When Trevor tells Nicholas that his father left him too, he continues by telling Nicholas that, although it was difficult not having a father growing up, “[i]t made [him] realize what a wonderful mother [he] had” and that Nicholas would “realize that too someday.” As he speaks to Nicholas, he is symbolically offering his feminine self words of caution, that he would recognize the importance of his femininity one day, ominously foreshadowing the repression of those qualities simultaneously. Their voices echoe off the walls of the tunnel. Echoes are yet another important motif present in the film. This sound effect contributes in a similar way as Anderson’s earlier use of multiple gazes to the concept of representation. Like Trevor’s voice that weakens, changes, and becomes less and less like the original sound produced, the message gets lost, muddled, and distorted as he progresses farther down the tunnel. This film portrays the male body that undergoes the transformation as, like the echoes, a weakening process due to the recognition of his masculine deficiencies. The camera’s gaze is at the end of the tunnel watching both Trevor and Nicholas walking toward them; therefore, the spectator is again positioned as having already experienced this dark, short “tunnel journey.” Furthermore, it is an ominous foreshadowing of Trevor’s physical form, a waning, dying masculinity and subsequent disappearance. Ironically, it is simultaneously a reflection on original masculinity and a foreshadowing of the future of its non-existence. Soon after this, it becomes clearer that Trevor’s journey is not a strengthening, empowering adventure.
Upon exiting the tunnel, Nicholas notices a sign, existing out of sight of the gaze of the camera, of a ride in the park reading “Route 666.” When he asks Trevor what it means, Trevor carefully explains that it is a ride and that a Route is a road that one takes on a “long journey,” disavowing the 666 of the sign as if attempting to protect him in some paternal way. Because of this, Nicholas is intrigued and runs to the ride despite Trevor’s attempt to persuade him into waiting for his mother. The boy, unsheltered by and detached from his mother, is subjected to the horrors of the mature, masculine world. The two begin the ride and enter into another tunnel that quickly progresses from an exciting, childhood venture into a corrupt, adult nightmare, mimicking Trevor’s own dark, psychological journey. In carnivalesque fashion, the initial attractions they pass are seemingly innocuous, mostly a collection of fake zombies. But once they pass a Native American holding a hatchet and a severed hand, the demarcation between past and present, cliché and personal, melodrama and horror diminishes as seen through the expression that arises on Trevor’s face. The severed hand is a reminder of a mistake Trevor made in the machine factory. It also references Ivan’s deformed hand and the maiming effects of masculinity. As the ride continues, there is a “GUILTY” sign next to a hanging body. This ride of shame reminds Trevor of all his past mistakes and shortcomings, all of the ways in which he failed as a friend, coworker, son, and man. From henceforth, the attractions become more realistic and linked to Trevor’s specific dread and past trauma, including a burning car next to a dead body. Given the carnival in which this ride exists and the structure of the attractions on the ride, it is reminiscent of the traditional cinema of attraction, “a montage of spectacle” (Gunning 3) that displays Trevor’s fears, trauma, insecurities, and inadequacies. Anderson uses this early form of cinema as a means to objectify and expose Trevor as a man who inevitably is always exposed and under the scrutiny of the ride, the hegemonic masculine “machine.” Even the camera shots assist in conveying this examination when, on the ride, besides the attractions, all but Trevor’s frightened, pale face is in complete darkness as if under a spotlight.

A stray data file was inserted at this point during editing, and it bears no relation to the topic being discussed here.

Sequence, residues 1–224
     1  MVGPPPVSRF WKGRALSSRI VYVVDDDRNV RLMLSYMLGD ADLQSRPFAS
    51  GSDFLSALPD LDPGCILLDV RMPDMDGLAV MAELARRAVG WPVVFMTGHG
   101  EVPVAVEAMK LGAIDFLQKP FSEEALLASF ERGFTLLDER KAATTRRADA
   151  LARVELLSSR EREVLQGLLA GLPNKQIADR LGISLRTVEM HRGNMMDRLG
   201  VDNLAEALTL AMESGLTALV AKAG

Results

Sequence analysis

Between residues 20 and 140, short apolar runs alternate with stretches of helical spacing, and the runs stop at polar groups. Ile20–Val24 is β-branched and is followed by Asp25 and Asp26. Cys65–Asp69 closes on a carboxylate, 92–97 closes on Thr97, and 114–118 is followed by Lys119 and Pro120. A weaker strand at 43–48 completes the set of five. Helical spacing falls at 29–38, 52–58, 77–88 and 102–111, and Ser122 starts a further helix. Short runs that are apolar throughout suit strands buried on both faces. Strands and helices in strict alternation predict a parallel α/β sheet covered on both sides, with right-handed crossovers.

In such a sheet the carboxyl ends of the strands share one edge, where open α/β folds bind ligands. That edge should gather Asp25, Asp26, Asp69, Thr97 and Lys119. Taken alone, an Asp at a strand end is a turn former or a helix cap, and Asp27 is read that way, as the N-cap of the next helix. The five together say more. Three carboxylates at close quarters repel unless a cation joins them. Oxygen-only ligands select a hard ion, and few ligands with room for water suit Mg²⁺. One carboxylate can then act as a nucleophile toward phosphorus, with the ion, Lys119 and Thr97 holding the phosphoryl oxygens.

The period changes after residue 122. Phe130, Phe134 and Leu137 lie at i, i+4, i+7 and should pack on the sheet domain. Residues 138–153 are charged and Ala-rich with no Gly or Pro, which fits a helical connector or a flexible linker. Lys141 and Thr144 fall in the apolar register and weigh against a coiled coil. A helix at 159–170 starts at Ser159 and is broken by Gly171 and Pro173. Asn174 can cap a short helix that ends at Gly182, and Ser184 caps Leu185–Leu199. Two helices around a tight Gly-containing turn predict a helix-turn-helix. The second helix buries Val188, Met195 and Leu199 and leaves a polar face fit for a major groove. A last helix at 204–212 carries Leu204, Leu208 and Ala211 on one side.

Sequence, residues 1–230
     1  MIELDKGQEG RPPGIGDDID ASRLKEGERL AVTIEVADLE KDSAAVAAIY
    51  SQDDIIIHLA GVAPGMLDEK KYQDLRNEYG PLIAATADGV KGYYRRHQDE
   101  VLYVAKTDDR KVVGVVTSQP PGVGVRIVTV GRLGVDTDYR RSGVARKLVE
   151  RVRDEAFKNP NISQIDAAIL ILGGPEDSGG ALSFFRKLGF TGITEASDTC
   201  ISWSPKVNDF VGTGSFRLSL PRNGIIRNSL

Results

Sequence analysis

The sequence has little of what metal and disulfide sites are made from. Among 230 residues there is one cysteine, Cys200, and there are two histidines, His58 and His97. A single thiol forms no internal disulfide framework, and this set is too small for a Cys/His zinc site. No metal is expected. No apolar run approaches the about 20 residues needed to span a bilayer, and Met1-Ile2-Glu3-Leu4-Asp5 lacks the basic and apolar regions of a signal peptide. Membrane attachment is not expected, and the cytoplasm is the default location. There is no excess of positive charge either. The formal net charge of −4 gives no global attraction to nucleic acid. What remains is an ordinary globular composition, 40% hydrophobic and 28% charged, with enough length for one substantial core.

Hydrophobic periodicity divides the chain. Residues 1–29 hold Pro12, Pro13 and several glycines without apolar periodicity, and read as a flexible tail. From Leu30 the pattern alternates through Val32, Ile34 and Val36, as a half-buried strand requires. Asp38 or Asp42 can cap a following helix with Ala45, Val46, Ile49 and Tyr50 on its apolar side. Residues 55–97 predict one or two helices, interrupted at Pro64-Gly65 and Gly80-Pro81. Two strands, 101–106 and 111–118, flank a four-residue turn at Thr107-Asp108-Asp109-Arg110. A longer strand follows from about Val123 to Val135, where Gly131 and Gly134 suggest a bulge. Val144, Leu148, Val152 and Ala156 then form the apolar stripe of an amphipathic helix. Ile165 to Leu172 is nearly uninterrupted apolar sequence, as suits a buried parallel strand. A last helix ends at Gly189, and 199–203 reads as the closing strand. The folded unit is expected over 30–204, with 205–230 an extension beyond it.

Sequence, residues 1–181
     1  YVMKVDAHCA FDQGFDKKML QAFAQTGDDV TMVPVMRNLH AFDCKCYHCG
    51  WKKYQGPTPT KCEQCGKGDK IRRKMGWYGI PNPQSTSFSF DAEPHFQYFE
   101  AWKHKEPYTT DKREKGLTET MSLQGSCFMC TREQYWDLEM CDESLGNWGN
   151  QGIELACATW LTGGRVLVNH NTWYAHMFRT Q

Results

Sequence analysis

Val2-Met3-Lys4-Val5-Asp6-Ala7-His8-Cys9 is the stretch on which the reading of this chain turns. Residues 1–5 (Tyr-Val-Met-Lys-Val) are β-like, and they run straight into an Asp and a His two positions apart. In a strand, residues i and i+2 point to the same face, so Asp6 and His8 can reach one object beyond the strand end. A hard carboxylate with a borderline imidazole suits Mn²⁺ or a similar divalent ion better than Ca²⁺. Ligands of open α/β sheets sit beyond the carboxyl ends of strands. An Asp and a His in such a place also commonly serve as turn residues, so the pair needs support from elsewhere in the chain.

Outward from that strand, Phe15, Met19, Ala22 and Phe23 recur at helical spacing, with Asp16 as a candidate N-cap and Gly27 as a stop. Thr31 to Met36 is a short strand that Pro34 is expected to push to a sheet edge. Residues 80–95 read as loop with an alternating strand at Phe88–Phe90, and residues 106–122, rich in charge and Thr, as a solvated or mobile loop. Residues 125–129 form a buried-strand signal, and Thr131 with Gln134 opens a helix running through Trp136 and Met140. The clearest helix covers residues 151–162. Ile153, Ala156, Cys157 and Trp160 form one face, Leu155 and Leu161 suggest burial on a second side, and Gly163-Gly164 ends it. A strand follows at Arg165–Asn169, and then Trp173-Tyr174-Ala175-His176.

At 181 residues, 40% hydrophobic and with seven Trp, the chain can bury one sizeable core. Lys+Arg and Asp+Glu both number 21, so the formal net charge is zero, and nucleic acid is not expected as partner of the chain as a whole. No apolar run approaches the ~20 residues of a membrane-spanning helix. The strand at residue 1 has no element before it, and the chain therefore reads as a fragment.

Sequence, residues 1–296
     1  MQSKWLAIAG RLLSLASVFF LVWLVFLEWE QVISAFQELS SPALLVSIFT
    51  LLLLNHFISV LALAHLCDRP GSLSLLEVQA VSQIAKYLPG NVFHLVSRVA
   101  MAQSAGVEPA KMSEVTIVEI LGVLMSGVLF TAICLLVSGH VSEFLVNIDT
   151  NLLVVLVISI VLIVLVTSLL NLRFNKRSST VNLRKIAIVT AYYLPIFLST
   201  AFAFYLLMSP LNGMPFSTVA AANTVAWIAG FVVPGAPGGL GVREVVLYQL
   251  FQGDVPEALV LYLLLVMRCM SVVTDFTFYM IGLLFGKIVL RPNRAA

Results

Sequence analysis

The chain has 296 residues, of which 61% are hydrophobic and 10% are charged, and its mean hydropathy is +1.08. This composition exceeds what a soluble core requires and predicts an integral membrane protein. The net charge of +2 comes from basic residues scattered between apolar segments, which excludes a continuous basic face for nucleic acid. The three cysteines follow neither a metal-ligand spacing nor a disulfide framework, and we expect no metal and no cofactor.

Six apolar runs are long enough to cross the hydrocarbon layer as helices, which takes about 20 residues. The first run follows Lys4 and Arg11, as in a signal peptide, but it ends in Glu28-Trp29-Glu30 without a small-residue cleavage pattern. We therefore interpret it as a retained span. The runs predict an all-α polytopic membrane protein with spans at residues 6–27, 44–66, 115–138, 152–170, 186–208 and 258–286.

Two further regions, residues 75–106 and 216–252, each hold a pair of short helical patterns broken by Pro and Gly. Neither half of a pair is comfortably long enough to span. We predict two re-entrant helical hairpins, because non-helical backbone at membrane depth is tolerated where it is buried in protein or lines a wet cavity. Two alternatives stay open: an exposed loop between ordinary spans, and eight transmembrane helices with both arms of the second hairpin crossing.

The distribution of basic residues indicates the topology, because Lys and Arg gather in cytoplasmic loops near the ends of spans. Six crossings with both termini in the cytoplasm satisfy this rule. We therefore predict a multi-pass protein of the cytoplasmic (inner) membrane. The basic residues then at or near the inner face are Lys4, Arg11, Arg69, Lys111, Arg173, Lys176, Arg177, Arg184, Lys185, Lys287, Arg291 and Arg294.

Toward the end of the ride, there is a literal fork on the path. Despite Trevor’s insistence for Nicholas to take the light and literal right path, the direction marked “Road to Salvation,” he turns down the darker path, the direction marked “Highway to Hell.” Lights flash, smoke spreads, and images relating to Trevor’s car accident quickly flicker on the screen. The guilt he experiences from the accident is more than the literal guilt of running from the scene and the life he took. It is instead a constant reminder of the repression of his anima, which he currently disavows. Suddenly, Nicholas falls into a spell of epilepsy. The next scene cuts to Trevor holding Nicholas in his arms and running out of the tunnel into a crowd of people, but there is no sound for a brief moment. The deafening silence allows the image of Trevor’s inability to protect the boy to resonate louder than words and music. It also parallels Trevor’s physical state, stripped of mass and exposed as just the image of the male as insufficient and vulnerable, unable to control the situation, and “wounded by … patriarchy itself” (Shamir and Travis 207). Considering how already deficient he is before the ride as a paternal figure to Nicholas, this failure only adds salt to his gaping masculine wounds.